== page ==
THE International Committee Red Cross (ICRC) has said nearly 22,000 Nigerians have been reported as missing during a decade of conflict in Northeast region of Nigeria.
The Geneva based humanitarian institution said the figure is the highest number of missing persons registered with the ICRC in any country.
The ICRC said families in Northeast Nigeria are often separated while fleeing attacks, with others loved ones abducted or detained and do not know their whereabouts.
“Every parent’s worst nightmare is not knowing where their child is. This is the tragic reality for thousands of Nigerian parents, leaving them with the anguish of a constant search. People have the right to know the fate of their loved ones, and more needs to be done to prevent families from being separated in the first place,” said ICRC President Peter Maurer on Thursday at the end of his five-day visit to Nigeria.
“Families are the greatest casualty of 10 years of war in northeast Nigeria. They have been torn apart. Children have been killed and maimed in bomb blasts. Their health facilities have been ruthlessly attacked and their homes and belongings destroyed. Families belong together and above all, civilians must be spared in war” Maurer said.
During the visit, Maurer met with President Muhammadu Buhari and high-level government, civil society and business leaders and spoke with families who have been affected by conflict in Maiduguri and Monguno, many of whom have missing relatives.
The ICRC works with the Nigeria Red Cross and other Red Cross and Red Crescent societies in the region to trace missing people by showing photographs, calling out names, and going door-to-door in camps and communities.
Boko Haram— a jihadist group which seek to established an Islamic State across the country, in 2009, led an insurgency that started in the Northeast Nigeria State of Borno.
The group has also been joined in its quest for an Islamic State in Nigeria by the Islamic State in the West African Province (ISWAP), a group headed by the so-called Caliph of the Islamic State, Abu Bakr Al-Baghdadi.
The humanitarian organisation noted that, millions have been displaced with thousands of death recorded affecting both economic and social activities in the area in the decade old conflict.
According to the ICRC, nearly 60 per cent were minors at the time they went missing, meaning thousands of parents don’t know where their children are and if they are alive or dead.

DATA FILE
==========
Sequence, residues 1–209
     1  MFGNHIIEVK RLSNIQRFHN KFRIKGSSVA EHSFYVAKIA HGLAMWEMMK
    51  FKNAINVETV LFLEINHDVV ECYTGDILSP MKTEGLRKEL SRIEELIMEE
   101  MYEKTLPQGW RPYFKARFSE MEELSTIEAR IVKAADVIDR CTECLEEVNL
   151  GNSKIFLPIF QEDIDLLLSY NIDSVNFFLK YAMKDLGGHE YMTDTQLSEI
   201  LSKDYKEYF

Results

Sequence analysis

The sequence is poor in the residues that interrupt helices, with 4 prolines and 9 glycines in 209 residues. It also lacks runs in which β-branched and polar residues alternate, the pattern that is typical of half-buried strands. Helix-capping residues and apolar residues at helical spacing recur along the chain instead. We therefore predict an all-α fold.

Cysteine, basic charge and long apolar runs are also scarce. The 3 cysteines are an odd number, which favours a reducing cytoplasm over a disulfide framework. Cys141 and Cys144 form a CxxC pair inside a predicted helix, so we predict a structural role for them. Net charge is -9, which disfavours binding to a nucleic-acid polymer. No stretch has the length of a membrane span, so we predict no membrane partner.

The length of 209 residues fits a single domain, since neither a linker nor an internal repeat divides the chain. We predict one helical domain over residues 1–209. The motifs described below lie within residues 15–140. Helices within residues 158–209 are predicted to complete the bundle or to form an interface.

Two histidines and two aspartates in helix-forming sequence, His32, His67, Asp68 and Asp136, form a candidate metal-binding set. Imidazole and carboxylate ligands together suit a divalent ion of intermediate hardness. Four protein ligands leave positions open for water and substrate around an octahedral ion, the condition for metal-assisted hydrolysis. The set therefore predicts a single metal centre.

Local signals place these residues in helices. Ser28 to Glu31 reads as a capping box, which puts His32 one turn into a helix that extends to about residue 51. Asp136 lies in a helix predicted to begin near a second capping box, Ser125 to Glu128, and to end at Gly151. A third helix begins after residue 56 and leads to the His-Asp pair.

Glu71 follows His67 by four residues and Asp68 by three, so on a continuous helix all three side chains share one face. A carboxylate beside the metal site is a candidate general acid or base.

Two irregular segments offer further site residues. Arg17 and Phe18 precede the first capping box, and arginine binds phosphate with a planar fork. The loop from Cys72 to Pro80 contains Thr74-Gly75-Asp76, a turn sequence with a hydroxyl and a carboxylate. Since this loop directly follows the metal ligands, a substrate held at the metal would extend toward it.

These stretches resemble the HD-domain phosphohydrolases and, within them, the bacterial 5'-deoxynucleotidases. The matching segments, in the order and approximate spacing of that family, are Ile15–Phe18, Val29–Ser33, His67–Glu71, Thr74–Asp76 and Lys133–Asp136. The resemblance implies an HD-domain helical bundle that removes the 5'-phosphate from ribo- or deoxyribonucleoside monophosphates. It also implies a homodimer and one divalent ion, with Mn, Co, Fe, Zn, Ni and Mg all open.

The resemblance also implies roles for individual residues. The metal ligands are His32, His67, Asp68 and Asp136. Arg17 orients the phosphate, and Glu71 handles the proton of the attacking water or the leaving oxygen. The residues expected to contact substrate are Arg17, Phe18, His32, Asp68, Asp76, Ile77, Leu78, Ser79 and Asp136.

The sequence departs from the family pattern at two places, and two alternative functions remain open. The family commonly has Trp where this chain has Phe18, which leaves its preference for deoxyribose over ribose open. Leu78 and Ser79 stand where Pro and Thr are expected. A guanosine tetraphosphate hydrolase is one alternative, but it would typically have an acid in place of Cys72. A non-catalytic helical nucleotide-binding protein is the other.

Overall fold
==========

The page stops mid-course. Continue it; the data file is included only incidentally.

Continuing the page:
It is also disclosed that 367 cases have been solved by the ICRC since it received it first cases in 2013.
This, it said underscored the immense challenges that come with finding missing people and reconnecting them with their families in Nigeria.
Large swathes of the northeast of the country remain completely inaccessible to humanitarian organisations. People have also been displaced by fighting many times, making them harder to find, it said.
“So far, 367 cases have been solved since ICRC received its first cases in 2013, underscoring the immense challenges that come with finding missing people and reconnecting them with their families in Nigeria. Large swathes of the northeast of the country remain completely inaccessible to humanitarian organisations. People have also been displaced by fighting many times, making them harder to find.”
“What troubles me is that I haven’t heard whether he is dead or alive. I just don’t know. Whenever I cook food for his siblings, I think about him. For the three years that we stayed in Maiduguri, my husband was very distressed and would repeatedly have nightmares. He would call the name of our abducted son, ‘Alkali, Alkali, Alkali’ all the time”, Falmata Amodu, the mother of a boy who went missing in 2013 at age 10 while fleeing an attack, was quoted.
Two million people, according to the ICRC are estimated to be displaced from their homes in Northeast Nigeria.
“In Monguno, internally displaced Nigerians outnumber residents nearly two to one. Health care is also a major concern, as health workers and medical facilities continue to come under fire.” it said.
The humanitarian institution further condemned the killing of its captured ICRC health workers by Boko Haram.
“Nearly a year ago, two ICRC health workers, Hawa Mohammed Liman and Saifura Hussaini Ahmed Khorsa, were deliberately killed after they were abducted from a clinic in Rann in Borno State. These attacks on health care are not only a violation of international humanitarian law, but also an assault on people’s basic right to receive health care.”